Monday, July 2, 2012

Philadelphia Street Style: Samuel, 16th and Walnut

Ten years back, the term "hipster beard" meant perma-stubble, around three days in length, or the first, and shortest setting of an electric beard trimmer. Then perma-stubble became the norm on Calvin Klein models and in Volkswagon ads, and hipsters cut their hair into mustaches. It was meant to be ironic, but soon became iconic, and as the commercial world caught on, hipster mustaches become more and more elaborate, carefully cultivated, sometimes even waxed and twisted in an ol' timey manner, and always meticulously groomed. Hipster facial hair must be cultivated; it is not simply grown. When mustaches got old, the hipster look shifted to proper beards, full and manly. And when the beard reached its saturation point, a standard-issue feature of any rapidly gentrifying urban neighborhood, hipsters grew theirs out to lumberjack lengths, not quite ZZ Top, but certainly longer than the average college professor's. But as they did so, they also cut their hair, keeping it trim and neat so that no one ever confused them with real genuine lumberjacks. I'm not saying Samuel is a hipster — it just isn't polite to call someone that these days — but let's just say that he's not unfamiliar with the type. His look is a great example of the burly beard tamed and contained.

Samuel was on his way to work when I stopped him, his lunch break almost finished, and I walked with him along the way to shoot closer to his destination. As we walked down Walnut St, a scraggly dude on a skateboard rolled up. "What kind of music do you guys like?" he asked, brusquely. I think we both assumed he was scalping tickets or something, and I hate being asked that question, even though I often subject my models to it. It's a trap. There's no right answer. I grumbled out the generic "Lots of kinds." Samuel, meanwhile, said something like, "That's hard to say, but mostly I listen to death metal." The dude on the skateboard then told us he was new in town, and that when he saw us walking down the street looking "metal as fuck" he just had to stop by and say "What's up!"

I recount this anecdote for a couple of reasons. First, the bemusement factor. I've never been called "metal as fuck" before. Sure, I like me some metal, particularly of the power chords and demonic grunts variety — the more obnoxious the better — but I've never identified with being a metal fan. My awkward growing out hair must have sent off mixed signals. Second, I would not have guessed Samuel was a metal fan either. I was thinking more alt country or underground electronica. But then what does a metal fan look like these days? The headbanger army is far more varied than it used to be. And plus, metal fans don't feel quite as strong a need to commit themselves wholly and completely to a single style of music as they used to. I read a coffee table book a year or so back called Street World that argued that all the urban subcultures of the last four decades (including punk, metal, skate, and hip hop) have merged into a single global "street culture." At the time I blew it off as needless hyperbole. Now I'm not so sure. Clearly we aren't in any danger of achieving transnational subcultural homogeneity any time soon. But as I've argued on this blog before, the subcultural lines are no longer distinct either. They bleed into each other. When people say "the scene" these days, they no longer mean the genre of music and fashion towards which they affiliate; they mean "THE scene," that massive, heterogenous network of partiers and creatives who affiliate with street culture in some way without necessarily subscribing to an identifiable type.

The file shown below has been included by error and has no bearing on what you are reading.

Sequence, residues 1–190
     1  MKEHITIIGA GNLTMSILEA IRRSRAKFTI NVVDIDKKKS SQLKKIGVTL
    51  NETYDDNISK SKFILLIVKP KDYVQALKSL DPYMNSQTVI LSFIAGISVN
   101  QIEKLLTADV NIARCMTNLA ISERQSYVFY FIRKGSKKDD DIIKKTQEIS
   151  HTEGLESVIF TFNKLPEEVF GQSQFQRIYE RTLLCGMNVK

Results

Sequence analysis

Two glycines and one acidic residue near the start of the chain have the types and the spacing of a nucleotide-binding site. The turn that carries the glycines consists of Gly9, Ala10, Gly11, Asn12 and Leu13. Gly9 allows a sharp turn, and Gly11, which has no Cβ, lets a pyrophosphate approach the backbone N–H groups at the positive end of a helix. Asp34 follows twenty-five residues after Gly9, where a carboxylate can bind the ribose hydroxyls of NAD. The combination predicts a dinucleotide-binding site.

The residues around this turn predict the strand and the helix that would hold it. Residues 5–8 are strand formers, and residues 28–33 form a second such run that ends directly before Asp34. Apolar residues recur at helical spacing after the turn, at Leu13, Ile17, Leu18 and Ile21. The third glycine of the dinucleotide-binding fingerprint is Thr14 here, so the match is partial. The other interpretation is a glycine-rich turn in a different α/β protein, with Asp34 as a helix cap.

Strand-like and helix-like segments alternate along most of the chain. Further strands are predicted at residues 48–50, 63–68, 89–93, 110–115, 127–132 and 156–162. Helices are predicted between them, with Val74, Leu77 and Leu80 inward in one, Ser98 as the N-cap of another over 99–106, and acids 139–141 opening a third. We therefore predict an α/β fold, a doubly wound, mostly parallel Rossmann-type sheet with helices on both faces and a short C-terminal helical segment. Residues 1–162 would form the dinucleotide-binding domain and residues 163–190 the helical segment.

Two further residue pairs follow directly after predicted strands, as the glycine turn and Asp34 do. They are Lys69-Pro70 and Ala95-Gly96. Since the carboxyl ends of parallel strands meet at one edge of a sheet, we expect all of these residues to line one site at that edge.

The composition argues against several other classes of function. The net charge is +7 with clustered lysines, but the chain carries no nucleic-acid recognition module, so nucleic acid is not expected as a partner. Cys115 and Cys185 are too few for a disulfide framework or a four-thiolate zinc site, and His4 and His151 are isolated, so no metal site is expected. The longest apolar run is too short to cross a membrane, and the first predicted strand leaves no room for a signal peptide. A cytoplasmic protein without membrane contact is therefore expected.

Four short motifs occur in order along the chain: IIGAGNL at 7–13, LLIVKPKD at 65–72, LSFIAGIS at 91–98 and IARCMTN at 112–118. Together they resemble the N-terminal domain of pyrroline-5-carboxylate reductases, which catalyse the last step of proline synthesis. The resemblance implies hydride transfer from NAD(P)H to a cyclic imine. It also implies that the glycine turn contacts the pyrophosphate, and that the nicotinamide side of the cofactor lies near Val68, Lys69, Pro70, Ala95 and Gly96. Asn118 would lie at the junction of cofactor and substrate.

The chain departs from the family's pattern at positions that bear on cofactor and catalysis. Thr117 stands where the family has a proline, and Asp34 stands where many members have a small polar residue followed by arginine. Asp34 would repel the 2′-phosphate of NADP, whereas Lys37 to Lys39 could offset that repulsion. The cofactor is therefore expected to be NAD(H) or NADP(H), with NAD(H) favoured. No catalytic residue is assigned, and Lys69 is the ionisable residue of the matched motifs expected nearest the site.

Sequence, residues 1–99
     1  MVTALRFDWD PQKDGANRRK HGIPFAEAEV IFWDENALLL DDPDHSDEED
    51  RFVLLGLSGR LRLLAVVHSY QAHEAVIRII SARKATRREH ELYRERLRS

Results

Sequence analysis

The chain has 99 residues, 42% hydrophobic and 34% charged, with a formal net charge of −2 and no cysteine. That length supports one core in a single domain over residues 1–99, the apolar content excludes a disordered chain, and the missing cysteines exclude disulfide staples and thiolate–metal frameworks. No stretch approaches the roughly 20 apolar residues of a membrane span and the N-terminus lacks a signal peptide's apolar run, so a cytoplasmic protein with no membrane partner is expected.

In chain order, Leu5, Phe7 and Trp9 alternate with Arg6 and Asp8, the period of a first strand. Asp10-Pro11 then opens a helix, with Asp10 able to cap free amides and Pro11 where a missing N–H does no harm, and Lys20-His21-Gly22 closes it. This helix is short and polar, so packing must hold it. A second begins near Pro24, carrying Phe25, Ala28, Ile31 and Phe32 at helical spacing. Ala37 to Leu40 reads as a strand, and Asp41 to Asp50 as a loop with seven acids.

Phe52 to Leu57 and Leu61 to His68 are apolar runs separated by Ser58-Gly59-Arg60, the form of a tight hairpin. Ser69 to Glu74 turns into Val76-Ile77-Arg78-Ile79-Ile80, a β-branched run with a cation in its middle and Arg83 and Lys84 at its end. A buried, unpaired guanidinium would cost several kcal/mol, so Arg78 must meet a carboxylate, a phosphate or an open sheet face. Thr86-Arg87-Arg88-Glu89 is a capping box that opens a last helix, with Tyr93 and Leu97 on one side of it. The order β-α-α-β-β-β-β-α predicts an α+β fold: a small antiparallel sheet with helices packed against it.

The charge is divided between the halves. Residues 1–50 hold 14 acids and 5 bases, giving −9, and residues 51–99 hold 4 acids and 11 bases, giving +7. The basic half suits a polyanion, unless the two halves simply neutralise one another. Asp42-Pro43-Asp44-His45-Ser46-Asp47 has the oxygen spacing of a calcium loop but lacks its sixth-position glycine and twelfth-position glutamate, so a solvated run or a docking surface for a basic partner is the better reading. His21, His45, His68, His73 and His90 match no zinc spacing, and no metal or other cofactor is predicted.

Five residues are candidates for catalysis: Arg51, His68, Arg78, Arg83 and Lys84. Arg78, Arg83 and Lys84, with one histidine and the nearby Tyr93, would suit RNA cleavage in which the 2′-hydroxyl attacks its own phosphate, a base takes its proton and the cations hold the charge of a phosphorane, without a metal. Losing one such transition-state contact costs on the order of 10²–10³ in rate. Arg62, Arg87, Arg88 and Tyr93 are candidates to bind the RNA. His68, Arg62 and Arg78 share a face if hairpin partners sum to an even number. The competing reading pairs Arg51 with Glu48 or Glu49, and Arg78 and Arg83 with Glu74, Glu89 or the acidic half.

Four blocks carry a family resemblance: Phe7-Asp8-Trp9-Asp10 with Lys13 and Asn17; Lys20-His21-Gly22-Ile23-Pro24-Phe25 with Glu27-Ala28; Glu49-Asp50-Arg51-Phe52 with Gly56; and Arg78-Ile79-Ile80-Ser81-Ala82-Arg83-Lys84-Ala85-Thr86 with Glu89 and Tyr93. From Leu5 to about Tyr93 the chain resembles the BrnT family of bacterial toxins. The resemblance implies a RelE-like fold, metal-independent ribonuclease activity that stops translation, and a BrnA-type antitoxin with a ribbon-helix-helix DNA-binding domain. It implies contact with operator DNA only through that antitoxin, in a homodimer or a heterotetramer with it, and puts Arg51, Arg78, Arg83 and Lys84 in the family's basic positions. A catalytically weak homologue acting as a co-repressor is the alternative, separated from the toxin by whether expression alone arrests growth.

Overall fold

1. Great post! I loved your dissertation on "hipster hair" and I want to be able to use the phrase "Metal as Fuck" just once in my life!

  2. If you wanna check out the ultimate Hipsters "Hipster The Get Down" on YouTube


Note: Only a member of this blog may post a comment.